College Board & ACT Sued For Selling Personal Info Of Test-Takers

Today's question of the day from the SAT website. See answer below to find out if you've still got your 10th grade math chops.

Today’s question of the day from the SAT website. See answer below to find out if you’ve still got your 10th grade math chops.

As anyone who took the ACT or SAT tests remembers, shortly after you get your scores, your mailbox is flooded with brochures, pamphlets, and catalogs from schools that want your tuition money. This isn’t a coincidence, as The College Board and ACT, Inc. — the companies behind these tests — sells test-takers’ information to colleges. But a new lawsuit alleges that this practice is a breach of contract as it’s done without the test-takers’ consent.

The suit, filed this week in a federal court in Illinois, claims The College Board and ACT, Inc. charge a fee per student on each sale of personally identifying information — names, home addresses, birth dates, phone numbers and social security numbers — but fails to disclose to those taking the test that their information will be sold to marketers for a profit.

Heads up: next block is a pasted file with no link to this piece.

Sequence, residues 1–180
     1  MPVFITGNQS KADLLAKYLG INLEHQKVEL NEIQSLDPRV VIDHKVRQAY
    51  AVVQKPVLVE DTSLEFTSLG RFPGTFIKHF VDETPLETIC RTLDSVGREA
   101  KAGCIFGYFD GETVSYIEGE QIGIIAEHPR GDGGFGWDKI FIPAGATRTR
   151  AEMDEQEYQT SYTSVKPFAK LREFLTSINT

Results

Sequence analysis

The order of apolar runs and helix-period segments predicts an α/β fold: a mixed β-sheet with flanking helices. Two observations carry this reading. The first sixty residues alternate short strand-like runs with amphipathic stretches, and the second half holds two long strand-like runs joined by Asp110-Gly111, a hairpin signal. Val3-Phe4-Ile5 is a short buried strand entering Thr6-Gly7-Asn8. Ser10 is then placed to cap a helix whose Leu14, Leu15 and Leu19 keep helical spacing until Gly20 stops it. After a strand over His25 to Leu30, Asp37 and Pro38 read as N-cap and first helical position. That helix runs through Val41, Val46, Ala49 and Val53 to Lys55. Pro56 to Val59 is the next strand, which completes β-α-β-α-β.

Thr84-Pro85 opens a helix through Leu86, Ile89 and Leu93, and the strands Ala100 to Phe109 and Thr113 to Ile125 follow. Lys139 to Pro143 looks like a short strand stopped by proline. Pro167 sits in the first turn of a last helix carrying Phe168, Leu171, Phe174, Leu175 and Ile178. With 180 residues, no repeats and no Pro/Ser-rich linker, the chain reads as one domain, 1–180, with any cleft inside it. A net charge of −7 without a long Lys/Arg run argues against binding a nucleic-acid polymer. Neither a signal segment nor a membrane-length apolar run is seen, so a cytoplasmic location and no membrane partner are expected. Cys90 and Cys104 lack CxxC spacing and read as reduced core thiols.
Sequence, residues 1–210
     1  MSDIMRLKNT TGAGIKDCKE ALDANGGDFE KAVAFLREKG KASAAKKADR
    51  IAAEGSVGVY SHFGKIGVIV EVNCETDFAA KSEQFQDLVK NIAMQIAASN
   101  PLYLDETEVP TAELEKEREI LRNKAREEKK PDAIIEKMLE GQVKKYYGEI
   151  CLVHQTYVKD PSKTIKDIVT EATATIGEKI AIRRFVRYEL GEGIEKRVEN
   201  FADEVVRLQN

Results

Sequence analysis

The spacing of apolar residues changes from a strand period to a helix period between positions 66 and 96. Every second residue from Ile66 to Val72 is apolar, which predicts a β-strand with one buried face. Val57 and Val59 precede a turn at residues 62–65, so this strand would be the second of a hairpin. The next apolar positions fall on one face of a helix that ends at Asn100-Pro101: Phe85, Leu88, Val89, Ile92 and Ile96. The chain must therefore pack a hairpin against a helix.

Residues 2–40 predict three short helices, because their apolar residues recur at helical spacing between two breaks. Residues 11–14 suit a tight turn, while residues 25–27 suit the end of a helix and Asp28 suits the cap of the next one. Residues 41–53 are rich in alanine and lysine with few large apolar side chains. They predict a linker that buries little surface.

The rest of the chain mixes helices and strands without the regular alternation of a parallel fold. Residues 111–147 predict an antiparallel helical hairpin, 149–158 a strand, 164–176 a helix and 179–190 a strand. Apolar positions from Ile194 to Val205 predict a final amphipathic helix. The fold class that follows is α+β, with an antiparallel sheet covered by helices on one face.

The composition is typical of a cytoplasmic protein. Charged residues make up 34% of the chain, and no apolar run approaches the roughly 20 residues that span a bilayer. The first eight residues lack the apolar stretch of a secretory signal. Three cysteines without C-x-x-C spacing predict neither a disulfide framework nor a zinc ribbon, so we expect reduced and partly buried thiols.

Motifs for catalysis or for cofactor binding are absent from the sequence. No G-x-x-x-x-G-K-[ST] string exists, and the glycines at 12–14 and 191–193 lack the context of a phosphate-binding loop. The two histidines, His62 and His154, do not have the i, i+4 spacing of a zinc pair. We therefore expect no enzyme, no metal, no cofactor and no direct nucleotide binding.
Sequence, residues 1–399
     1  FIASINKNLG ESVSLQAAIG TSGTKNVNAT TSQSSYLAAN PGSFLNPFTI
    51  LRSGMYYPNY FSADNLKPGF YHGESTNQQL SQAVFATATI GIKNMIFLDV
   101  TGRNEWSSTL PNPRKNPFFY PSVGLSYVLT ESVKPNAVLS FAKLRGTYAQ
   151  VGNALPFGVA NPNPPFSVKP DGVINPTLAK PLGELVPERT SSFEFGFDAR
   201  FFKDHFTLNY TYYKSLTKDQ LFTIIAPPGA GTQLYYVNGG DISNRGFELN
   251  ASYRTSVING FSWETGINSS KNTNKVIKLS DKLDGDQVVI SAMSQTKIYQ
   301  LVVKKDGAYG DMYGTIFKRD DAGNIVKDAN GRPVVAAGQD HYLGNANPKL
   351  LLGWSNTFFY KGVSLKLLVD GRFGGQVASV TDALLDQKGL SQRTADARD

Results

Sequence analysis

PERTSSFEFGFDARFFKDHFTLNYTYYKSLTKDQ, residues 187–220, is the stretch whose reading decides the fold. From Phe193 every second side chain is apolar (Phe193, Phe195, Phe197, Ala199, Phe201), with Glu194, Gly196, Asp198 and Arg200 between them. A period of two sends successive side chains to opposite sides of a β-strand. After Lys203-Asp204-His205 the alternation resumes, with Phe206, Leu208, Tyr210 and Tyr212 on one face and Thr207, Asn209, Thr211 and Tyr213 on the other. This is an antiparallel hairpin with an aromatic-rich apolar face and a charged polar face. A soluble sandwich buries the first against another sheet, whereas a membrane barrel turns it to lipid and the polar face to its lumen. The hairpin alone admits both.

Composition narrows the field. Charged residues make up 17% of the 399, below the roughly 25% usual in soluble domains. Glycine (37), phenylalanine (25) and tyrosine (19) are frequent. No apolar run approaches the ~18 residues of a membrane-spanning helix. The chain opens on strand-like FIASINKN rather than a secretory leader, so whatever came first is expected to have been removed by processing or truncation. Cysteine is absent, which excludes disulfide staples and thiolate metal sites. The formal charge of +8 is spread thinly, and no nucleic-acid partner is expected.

While the lawsuit puts the value of that fee at $.33 per student per request, reports that the price for this information has gone up recently, with The College Board now charging $.37 per request and ACT demanding $.38 each.

There are ways for students to avoid having their information sold — the SAT requires test-takers to opt-in to having their information shared while ACT takers must opt-out of having their info sold. The lawsuit claims both companies are “masking the sale” of the information under the guise of information-sharing. The question is whether or not test-takers would let their information be shared if they knew it was being sold for a profit.

The suit alleges consumer fraud and deceptive business practices, breach of written contract, invasion of privacy and misappropriation of confidential information, and unjust enrichment.

College Board, ACT sued over sale of student information []

And FYI, the answer to the question of the day is A: 40

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